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Rickey v. Brand Energy, Inc.

United States District Court, D. Kansas

April 28, 2014



TERESA J. JAMES, Magistrate Judge.

This matter is before the Court on Plaintiff's Motion For Leave To File Second Amended Complaint (ECF No. 18). Plaintiff seeks to add as a party defendant Brand Energy Services, LLC, a division of Brand Energy, Inc. For reasons stated below, the Court grants Plaintiff's motion.

I. Background Information

Plaintiff brings suit alleging employment discrimination under the Americans with Disabilities Act ("ADA") and retaliation under Kansas tort law.[1] His first amended complaint names a single defendant, Brand Energy, Inc. doing business as Brand Energy Solutions LLC, which he refers to throughout the first amended complaint as "Brand." In the paragraph which pleads exhaustion of administrative remedies, however, Plaintiff cites his EEOC charge which resulted in a right-to-sue letter as Rickey v. Brand Energy Services. [2]

Defendant filed a motion to dismiss Plaintiff's amended complaint on the ground that Plaintiff has not exhausted his administrative remedies against Brand Energy, Inc. ("Energy") and Brand Energy Solutions LLC ("Solutions"), because plaintiff's EEOC charge named only Brand Energy Services, LLC ("Services") and not Energy or Solutions.[3] Plaintiff concomitantly responded to Defendant's motion and filed the instant motion.

Plaintiff readily acknowledges that Services was his employer. He explains that he did not originally name Services as defendant because when he filed his complaint, Services was not registered to do business in Kansas. As of that date, Plaintiff asserts that Energy and Solutions were the only Brand Company entities registered to do business in Kansas. The Brand Company includes Energy, the parent holding company, and seven entities including Solutions and Services. It was only after Plaintiff served the summons and complaint on the Kansas resident agent of Energy and Solutions (who share the same agent) that Services filed application with the Kansas Secretary of State to conduct business in the state of Kansas. Plaintiff contends that Services was on notice of the lawsuit from its filing and that Energy will not be prejudiced by the addition of Services as a party defendant.

Defendant opposes the motion, arguing that (1) Plaintiff knew the identity of his employer when he filed his complaint and that allowing Plaintiff to add Services as a party defendant would render the applicable statute of limitations a nullity, and (2) if the Court does permit Plaintiff to amend his complaint, the amendment should not relate back to the date of the original complaint.

II. Standard for Ruling On a Motion to Amend

Rule 15 of the Federal Rules of Civil Procedure allows a party to amend the party's pleading once as a matter of course (1) within 21 days after serving it or (2) within 21 days after a responsive pleading or a Rule 12(b), (e), or (f) motion is served.[4] Subsequent amendments are allowed only by leave of court or by written consent of the adverse party.[5] Leave to amend is a matter committed to the sound discretion of the district court, [6] and the court "should freely give leave when justice so requires."[7] A district court should refuse leave to amend "only upon a showing of undue delay, undue prejudice to the opposing party, bad faith or dilatory motive, failure to cure deficiencies by amendments previously allowed, or futility of amendment."[8] A proposed amendment is futile if the amended complaint would be subject to dismissal.[9]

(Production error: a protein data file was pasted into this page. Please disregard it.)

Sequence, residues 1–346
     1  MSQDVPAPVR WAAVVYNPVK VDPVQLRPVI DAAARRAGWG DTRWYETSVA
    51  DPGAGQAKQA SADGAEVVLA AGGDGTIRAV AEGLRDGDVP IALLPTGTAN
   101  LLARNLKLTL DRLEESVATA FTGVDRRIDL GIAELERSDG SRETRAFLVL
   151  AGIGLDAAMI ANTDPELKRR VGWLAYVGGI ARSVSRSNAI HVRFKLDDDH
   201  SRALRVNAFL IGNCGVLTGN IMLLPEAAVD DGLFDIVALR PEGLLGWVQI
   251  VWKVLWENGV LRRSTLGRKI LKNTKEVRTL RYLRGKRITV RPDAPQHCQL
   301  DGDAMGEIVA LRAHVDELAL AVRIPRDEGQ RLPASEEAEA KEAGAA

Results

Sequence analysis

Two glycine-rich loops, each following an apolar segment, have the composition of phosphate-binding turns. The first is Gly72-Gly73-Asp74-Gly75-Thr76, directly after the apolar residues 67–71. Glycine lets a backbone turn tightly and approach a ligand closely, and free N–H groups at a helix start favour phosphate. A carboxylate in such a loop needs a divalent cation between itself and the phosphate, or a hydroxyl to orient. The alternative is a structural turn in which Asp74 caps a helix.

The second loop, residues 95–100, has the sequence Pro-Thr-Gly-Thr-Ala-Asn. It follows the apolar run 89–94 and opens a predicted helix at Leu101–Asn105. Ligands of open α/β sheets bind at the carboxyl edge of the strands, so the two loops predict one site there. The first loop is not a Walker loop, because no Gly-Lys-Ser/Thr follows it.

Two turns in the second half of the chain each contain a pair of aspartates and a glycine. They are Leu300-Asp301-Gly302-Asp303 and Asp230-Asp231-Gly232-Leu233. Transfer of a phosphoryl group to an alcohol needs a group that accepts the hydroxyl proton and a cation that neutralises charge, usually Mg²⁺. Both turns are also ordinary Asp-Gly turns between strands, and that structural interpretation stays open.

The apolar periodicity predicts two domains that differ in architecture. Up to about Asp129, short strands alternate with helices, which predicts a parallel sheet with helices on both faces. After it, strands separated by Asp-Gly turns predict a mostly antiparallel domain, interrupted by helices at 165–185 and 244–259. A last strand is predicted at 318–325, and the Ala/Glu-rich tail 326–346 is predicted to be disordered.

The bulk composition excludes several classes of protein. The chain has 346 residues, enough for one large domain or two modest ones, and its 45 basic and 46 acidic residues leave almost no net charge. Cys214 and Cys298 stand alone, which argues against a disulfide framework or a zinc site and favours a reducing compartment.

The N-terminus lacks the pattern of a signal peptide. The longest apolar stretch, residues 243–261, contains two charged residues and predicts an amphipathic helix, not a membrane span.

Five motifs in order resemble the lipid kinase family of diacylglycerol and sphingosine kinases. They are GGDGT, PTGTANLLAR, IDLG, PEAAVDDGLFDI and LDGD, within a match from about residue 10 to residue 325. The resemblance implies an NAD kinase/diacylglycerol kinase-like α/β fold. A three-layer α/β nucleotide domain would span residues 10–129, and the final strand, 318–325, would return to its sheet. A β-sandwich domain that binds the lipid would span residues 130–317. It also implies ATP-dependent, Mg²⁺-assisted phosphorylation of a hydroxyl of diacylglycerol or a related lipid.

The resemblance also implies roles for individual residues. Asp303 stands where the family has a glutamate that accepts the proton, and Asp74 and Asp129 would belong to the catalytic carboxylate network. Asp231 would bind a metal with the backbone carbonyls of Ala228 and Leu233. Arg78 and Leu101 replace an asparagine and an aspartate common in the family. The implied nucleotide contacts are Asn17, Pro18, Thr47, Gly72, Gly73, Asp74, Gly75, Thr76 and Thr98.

III. Analysis

Plaintiff argues that his failure to sue Services in his original and first amended complaints is a mistake that the Court should allow him to correct because Services and Energy will not be prejudiced by a second amended complaint. Plaintiff further argues that his second amended complaint should relate back to the date of his complaint because he has complied with each requirement of Rule 15(c)(1)(C). In an effort to demonstrate lack of prejudice and Services' knowledge of the lawsuit, Plaintiff sets forth a number of facts which Defendant does not contest. These include:

(1) Energy, Solutions, and Services ("the Brand Companies") were each formed on the same date, share the same principal office with the same contact person, and have the same registered service agent in Kansas.
(2) In his EEOC Intake Questionnaire, Plaintiff identified his employer as "Brand Energy, Inc. d/b/a Brand Energy Services LLC." He checked a box on the questionnaire which included the following: "I want to file a charge of discrimination, and... I understand that the EEOC must give the employer... that I accuse of discrimination information about the charge, including my name."[10] In his subsequent Charge of Discrimination, Plaintiff identified his employer as "Brand Energy Services" and he shortened the name to "Brand Energy" in the narrative. In the EEOC's right-to-sue letter, the agency referred to Plaintiff's employer as "Brand Energy Services."[11]
(3) With its motion to dismiss, Defendant submitted an affidavit from a Services human resources employee which confirms that Plaintiff was employed by and ...

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